Will Brazil benefit from the World Cup?
Despite concerns that Brazil would not be ready in time, the 2014 World Cup has kicked off – and it is proving to be one of the most popular tournaments in history.
The host nation forecast an influx of 600,000 international tourists during the event. The arrival stats are not out yet, but Brazilian Minister of Tourism VinÃcius Lages is confident that these estimations will hold true based on recent field surveys and ticket sales figures.
Will Brazil’s economy score from this tourism boom? Moody’s Investors Services has predicted that there will be a positive economic impact, but it will only be a “fleeting” one.
Barbara Mattos, Vice President and Senior Analyst at Moody’s, explained that the transitory boost in earnings as a result of the Cup would not counter the effect of lost workdays and decreased productivity.
“Some hope hosting the World Cup will help lift Brazil out of economic slowdown, but the associated economic activity ultimately pales before the country’s USD 2.2 trillion economy, the usual levels of investment spending and the annual revenues of most companies.
“The 32-day event will provide short-lived sales increases that are unlikely to materially affect earnings and disruptions associated with traffic, crowding and lost work days will take a toll on business,” she said.Â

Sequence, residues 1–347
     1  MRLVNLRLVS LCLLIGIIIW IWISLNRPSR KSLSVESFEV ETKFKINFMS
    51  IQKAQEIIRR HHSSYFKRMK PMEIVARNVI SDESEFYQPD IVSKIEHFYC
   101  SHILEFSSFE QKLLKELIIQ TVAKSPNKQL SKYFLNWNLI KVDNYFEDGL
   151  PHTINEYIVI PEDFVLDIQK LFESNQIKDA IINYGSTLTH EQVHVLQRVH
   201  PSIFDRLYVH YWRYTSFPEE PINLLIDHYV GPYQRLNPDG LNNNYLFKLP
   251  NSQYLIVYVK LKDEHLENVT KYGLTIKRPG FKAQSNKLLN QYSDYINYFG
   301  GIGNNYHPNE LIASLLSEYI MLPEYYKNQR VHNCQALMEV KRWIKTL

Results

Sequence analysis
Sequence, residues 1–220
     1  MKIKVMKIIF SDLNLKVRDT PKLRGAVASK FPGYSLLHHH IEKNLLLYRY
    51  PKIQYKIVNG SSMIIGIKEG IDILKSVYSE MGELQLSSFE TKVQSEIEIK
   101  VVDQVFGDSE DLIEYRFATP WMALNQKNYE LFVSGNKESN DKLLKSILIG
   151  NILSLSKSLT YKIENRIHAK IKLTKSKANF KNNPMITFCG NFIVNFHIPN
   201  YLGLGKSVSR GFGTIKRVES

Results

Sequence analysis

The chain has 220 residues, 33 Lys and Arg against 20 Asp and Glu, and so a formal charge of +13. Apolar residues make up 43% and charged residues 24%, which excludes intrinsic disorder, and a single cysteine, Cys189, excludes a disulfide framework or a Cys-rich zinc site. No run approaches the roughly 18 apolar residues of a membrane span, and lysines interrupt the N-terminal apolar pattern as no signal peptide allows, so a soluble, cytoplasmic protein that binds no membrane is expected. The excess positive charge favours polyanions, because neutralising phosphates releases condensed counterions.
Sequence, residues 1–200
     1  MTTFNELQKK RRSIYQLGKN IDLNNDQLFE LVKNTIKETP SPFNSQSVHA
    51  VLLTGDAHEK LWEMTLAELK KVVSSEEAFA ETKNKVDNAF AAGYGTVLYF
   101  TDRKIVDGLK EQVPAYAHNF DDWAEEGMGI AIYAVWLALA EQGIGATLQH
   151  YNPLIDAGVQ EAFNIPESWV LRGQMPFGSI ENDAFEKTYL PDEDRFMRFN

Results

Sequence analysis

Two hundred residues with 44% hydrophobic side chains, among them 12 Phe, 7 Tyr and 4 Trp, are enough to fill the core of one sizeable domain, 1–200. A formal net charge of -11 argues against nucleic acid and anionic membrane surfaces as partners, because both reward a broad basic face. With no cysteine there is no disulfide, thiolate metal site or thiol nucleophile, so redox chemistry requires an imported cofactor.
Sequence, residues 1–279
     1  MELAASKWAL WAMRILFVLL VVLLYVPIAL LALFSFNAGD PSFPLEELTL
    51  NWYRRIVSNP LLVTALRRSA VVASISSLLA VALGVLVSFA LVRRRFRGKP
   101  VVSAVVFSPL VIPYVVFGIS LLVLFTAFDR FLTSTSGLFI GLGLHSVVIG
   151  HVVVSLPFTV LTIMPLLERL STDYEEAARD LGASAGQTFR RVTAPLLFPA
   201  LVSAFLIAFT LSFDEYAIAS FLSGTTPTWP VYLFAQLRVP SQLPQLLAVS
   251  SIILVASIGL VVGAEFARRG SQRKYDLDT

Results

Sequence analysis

Brazil’s World Cup spend has reached an estimated USD 14 billion, eliciting rampant protests against the social cost of hosting the event. Frustrated citizens have called for spending on schools, hospitals and other necessities instead of sporting-focused infrastructure.Â
They do have a point. Poverty is widespread in Brazil and income inequality is rife. It must be noted, however, that the government has stepped up poverty eradication programmes in the past decade, with some success. A recent study by the UN Center for the Latin America and Caribbean (ECLAC) shows that the portion of Brazil’s population living below the poverty line has more than halved since 2005. Then, 38% of citizens lived in poverty and this dropped to 18.6% in 2012.
Could the World Cup help to alleviate poverty further? Moody’s estimates that overall, this prestigious event will only generate 0.4% of additional gross domestic product for Brazil over a 10-year period. It will be interesting to see if this in indeed the case!